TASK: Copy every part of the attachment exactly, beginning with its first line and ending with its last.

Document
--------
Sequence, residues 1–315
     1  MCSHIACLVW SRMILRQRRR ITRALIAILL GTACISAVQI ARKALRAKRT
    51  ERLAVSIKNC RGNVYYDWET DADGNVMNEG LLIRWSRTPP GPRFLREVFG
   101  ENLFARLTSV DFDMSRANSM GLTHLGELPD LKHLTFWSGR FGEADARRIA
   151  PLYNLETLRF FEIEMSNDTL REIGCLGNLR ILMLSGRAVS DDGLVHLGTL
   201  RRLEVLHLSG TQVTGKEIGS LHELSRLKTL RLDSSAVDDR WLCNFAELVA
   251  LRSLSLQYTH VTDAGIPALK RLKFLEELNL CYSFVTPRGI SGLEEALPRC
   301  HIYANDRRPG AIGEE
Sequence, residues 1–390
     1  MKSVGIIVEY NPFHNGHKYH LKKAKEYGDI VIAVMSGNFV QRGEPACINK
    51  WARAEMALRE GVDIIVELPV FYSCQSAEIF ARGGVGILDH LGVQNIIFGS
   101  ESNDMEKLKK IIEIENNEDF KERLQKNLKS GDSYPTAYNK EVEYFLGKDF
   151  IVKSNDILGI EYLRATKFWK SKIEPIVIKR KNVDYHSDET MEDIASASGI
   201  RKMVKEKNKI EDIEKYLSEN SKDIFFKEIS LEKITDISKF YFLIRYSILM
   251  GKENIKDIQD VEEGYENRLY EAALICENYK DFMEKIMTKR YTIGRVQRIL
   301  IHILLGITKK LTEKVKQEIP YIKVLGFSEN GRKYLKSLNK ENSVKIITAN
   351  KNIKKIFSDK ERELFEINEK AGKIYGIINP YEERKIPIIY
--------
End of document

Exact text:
Sequence, residues 1–315
     1  MCSHIACLVW SRMILRQRRR ITRALIAILL GTACISAVQI ARKALRAKRT
    51  ERLAVSIKNC RGNVYYDWET DADGNVMNEG LLIRWSRTPP GPRFLREVFG
   101  ENLFARLTSV DFDMSRANSM GLTHLGELPD LKHLTFWSGR FGEADARRIA
   151  PLYNLETLRF FEIEMSNDTL REIGCLGNLR ILMLSGRAVS DDGLVHLGTL
   201  RRLEVLHLSG TQVTGKEIGS LHELSRLKTL RLDSSAVDDR WLCNFAELVA
   251  LRSLSLQYTH VTDAGIPALK RLKFLEELNL CYSFVTPRGI SGLEEALPRC
   301  HIYANDRRPG AIGEE
Sequence, residues 1–390
     1  MKSVGIIVEY NPFHNGHKYH LKKAKEYGDI VIAVMSGNFV QRGEPACINK
    51  WARAEMALRE GVDIIVELPV FYSCQSAEIF ARGGVGILDH LGVQNIIFGS
   101  ESNDMEKLKK IIEIENNEDF KERLQKNLKS GDSYPTAYNK EVEYFLGKDF
   151  IVKSNDILGI EYLRATKFWK SKIEPIVIKR KNVDYHSDET MEDIASASGI
   201  RKMVKEKNKI EDIEKYLSEN SKDIFFKEIS LEKITDISKF YFLIRYSILM
   251  GKENIKDIQD VEEGYENRLY EAALICENYK DFMEKIMTKR YTIGRVQRIL
   301  IHILLGITKK LTEKVKQEIP YIKVLGFSEN GRKYLKSLNK ENSVKIITAN
   351  KNIKKIFSDK ERELFEINEK AGKIYGIINP YEERKIPIIY